Emphasizing the need for collaboration, participants stressed that online abuse and exploitation "is a problem that cannot be solved by one nation or one company or one faith acting alone, it is a global problem that requires global solutions."

"It requires that we build awareness, and that we mobilize action from every government, every faith, every company and every institution."

The declaration concluded saying that "the world faces unprecedented challenges if it is to preserve the rights and dignity of children and protect them from abuse and exploitation."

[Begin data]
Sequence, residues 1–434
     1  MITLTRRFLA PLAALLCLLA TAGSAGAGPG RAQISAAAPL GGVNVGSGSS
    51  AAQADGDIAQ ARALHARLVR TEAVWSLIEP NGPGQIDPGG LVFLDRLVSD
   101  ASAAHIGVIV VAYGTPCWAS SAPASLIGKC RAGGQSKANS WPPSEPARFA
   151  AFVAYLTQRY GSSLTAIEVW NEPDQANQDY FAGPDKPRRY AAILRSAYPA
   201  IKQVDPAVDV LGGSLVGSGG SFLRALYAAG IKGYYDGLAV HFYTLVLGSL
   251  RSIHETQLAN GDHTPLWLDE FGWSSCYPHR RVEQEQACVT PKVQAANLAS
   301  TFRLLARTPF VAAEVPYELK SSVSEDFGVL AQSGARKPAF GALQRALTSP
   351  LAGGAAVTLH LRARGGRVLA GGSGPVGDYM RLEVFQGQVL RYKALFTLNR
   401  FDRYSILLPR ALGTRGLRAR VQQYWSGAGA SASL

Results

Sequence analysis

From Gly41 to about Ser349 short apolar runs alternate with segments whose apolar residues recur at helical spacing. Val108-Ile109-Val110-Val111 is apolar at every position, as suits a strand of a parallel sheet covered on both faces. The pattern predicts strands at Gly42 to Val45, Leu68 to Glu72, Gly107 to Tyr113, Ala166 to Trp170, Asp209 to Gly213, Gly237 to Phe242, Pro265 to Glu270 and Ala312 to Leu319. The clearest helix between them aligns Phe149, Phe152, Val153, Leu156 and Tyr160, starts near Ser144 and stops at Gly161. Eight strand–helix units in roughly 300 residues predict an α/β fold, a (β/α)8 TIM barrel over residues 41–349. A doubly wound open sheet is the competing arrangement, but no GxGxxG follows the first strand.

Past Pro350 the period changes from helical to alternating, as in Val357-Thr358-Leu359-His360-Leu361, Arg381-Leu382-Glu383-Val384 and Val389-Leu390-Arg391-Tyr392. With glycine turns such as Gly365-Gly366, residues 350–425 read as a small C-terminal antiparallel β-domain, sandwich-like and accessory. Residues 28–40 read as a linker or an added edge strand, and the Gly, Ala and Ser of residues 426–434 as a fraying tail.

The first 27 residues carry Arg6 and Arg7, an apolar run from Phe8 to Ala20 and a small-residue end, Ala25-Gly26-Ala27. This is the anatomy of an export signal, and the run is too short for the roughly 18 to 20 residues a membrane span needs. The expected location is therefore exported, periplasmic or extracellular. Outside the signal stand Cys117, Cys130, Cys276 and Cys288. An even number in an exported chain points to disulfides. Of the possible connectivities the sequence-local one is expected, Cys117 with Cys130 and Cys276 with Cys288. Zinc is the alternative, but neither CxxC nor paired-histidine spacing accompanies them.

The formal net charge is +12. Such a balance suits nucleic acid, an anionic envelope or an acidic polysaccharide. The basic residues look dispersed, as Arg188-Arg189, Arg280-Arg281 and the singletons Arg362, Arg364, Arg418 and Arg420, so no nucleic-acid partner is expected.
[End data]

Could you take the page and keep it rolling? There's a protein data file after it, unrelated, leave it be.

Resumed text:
These challenges "require new thinking and approaches, heightened global awareness and inspired leadership," it read, and issued a global appeal for everyone "to stand up for the protection of the dignity of children."

In an Oct. 6 news briefing with journalists after the audience with Pope Francis closing the conference, Fr. Hans Zollner SJ, president of the CCP, said the conference was "very intense and very successful."

"There was a unique sense of unity" among participants across the board, he said, explaining that he "felt absolutely enthused about the way people were interacting, networking and comping up with interactive proposals."

Also present at the news briefing was Baroness Sheila Hollins, a professor and member of the Pontifical Commission for the Protection of Minors.